While Eubank says she has “no actual plan; it just happens,” she does suggest putting your focal point off center. It may be a rock or mounds of dirt. She avoids leaving the ground flat. Laura advocates having a half cubic yard of good well-draining soil delivered. If your soil is clay or decomposed granite, you may need to mix it with the good soil and some sand. Have at least three three kinds of plants, and don’t forget irrigation. Once established, the plants don’t need much, but in the beginning, cuttings love to be misted. Too much water will rot them. Another caution she mentioned was to avoid using black rocks or paving as they absorb heat, especially if your garden or a portion of it, will be in very hot sunlight. Stress is not always bad for succulents. Stress often turns a succulent a lovely, bright color.

When you are ready to place your succulent, cut off the head leaving just a small stub of stem below it. A dab of glue will both seal the wound and help the plant stay upright. Eubank likes to crowd the plants tightly together, grouping them for texture, size, shape and color. Until they are established, don’t let them get too hot. Once they are established, they should thrive if they are ignored.

Eubank frequents hardware stores, and goes to places in Lakeside (KRC) and in Pacific Beach for pebbles and rocks. San Marcos is good for rocks and perhaps boulders. None of these are cheap. Succulents, on the other hand, are like rabbits. They reproduce like mad; and since they grow so well from cuttings, you could exchange yours with friends’. Best of all, you will not be slaving in your garden.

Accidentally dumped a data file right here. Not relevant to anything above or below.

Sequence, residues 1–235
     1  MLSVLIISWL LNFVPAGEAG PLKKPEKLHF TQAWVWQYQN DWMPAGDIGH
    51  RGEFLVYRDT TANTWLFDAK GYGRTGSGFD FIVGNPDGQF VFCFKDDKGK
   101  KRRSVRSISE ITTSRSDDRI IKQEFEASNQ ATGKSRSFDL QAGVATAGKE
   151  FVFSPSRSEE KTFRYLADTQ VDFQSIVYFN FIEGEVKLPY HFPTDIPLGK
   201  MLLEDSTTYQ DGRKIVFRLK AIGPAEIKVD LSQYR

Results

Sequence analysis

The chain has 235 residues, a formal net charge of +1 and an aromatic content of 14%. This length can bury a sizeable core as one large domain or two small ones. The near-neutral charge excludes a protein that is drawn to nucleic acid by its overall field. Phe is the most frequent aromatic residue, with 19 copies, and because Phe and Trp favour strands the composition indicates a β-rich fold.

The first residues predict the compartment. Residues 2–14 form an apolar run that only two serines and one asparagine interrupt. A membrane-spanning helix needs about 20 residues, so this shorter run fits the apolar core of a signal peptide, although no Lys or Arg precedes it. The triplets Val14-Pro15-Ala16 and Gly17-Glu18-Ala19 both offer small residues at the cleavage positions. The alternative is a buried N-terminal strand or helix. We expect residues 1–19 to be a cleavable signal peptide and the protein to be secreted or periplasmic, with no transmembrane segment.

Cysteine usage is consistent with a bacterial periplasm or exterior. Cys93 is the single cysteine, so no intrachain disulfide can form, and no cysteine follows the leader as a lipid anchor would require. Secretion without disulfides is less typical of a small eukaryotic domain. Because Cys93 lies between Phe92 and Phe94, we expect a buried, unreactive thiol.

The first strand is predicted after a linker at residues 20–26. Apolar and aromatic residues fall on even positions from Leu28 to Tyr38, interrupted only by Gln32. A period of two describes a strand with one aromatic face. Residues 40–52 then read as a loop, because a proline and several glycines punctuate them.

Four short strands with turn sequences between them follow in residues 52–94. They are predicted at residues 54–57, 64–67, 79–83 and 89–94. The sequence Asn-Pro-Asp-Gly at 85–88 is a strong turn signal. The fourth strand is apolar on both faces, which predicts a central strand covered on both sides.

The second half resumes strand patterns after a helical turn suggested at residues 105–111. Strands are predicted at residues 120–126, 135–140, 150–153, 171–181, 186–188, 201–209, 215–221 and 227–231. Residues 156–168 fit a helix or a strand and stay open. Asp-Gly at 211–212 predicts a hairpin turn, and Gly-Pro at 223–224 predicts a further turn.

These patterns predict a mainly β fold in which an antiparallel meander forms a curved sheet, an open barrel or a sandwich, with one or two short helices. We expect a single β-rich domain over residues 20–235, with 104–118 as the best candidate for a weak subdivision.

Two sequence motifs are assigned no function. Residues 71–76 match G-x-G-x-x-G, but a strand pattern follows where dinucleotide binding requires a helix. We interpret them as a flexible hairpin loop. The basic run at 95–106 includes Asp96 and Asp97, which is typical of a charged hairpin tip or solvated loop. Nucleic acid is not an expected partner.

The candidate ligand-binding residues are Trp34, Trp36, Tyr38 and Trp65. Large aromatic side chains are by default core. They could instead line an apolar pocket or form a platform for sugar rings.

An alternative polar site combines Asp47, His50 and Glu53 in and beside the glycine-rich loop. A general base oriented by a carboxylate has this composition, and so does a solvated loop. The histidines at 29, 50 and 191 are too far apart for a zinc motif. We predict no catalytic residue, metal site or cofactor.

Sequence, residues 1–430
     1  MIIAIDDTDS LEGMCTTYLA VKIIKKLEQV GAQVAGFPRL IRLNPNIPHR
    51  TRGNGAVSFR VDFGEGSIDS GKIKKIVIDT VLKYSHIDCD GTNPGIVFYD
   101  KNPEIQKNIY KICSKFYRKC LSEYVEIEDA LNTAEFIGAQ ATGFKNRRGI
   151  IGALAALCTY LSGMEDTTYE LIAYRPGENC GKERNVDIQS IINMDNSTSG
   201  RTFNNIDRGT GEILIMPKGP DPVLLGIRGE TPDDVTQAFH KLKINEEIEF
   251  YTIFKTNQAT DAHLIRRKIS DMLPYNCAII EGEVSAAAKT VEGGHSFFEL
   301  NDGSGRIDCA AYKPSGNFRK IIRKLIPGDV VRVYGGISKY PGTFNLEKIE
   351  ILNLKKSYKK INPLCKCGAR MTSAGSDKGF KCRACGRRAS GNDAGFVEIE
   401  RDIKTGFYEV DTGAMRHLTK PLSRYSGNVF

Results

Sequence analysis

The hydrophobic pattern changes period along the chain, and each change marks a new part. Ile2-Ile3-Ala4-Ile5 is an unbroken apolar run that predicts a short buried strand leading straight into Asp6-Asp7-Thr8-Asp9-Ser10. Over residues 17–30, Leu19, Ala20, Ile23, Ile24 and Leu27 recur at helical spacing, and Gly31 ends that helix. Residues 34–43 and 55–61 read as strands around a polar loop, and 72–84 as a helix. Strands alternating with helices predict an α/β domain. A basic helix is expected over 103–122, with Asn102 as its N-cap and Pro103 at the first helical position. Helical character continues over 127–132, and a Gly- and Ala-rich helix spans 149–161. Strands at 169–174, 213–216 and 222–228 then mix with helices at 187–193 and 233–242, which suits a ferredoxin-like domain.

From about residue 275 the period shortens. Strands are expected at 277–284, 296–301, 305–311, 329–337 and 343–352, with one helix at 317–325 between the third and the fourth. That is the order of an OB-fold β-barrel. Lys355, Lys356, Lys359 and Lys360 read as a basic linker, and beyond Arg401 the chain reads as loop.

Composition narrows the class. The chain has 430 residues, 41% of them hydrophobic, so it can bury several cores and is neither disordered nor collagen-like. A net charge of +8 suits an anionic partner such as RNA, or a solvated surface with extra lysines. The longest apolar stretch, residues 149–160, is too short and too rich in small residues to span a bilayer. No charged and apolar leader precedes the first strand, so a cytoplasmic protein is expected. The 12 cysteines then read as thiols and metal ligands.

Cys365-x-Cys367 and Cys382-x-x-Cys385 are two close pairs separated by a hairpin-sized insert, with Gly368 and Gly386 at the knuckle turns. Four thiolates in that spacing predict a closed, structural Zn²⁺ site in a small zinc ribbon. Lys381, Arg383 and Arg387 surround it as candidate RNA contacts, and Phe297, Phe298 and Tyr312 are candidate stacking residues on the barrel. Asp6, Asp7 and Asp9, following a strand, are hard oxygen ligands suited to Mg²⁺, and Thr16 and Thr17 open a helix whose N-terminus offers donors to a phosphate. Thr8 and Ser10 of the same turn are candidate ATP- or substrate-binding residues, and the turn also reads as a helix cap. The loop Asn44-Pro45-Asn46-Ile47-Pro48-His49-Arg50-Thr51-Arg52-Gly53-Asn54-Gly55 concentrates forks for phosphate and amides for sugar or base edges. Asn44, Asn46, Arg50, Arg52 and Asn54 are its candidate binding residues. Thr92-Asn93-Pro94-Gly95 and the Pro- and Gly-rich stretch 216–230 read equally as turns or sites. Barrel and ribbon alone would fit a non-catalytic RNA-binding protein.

Beginning September 23, the Mission Hills Garden Club will be meeting at Mission Hills Nursery (1525 Fort Stockton Drive) from 6 until 8 p.m. on the fourth Wednesday of the odd- numbered months. November’s meeting will be on the third Wednesday to allow for Thanksgiving preparations. Our goal is to have fewer but better meetings. It is also membership renewal time. $35 gives you a year’s membership plus a ten per cent discount at Mission Hills Nursery. A family membership is $50.

Laura Eubanks created this whimsical garden design with a variety of succulents and imagination.


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About the Author ()

Barbara Strona is a native Californian who grew up in the Mid-West and Los Angeles. She and her architect husband, Carl, came to San Diego in 1968 and have lived in Mission Hills since early 1971. Barbara received a Bachelor of Arts from Scripps College with a major in English, and a minor in Art. She attended UCLA graduate school and received a General Secondary Credential. She taught English in Los Angeles, Pennsylvania, and at Point Loma High School. She has been a Realtor specializing in residential sales since 1984. Her passions include her job, reading, writing, foreign languages and foreign countries, animals (feathered or furry), theatre, and her family: husband, two adult children and two grandsons.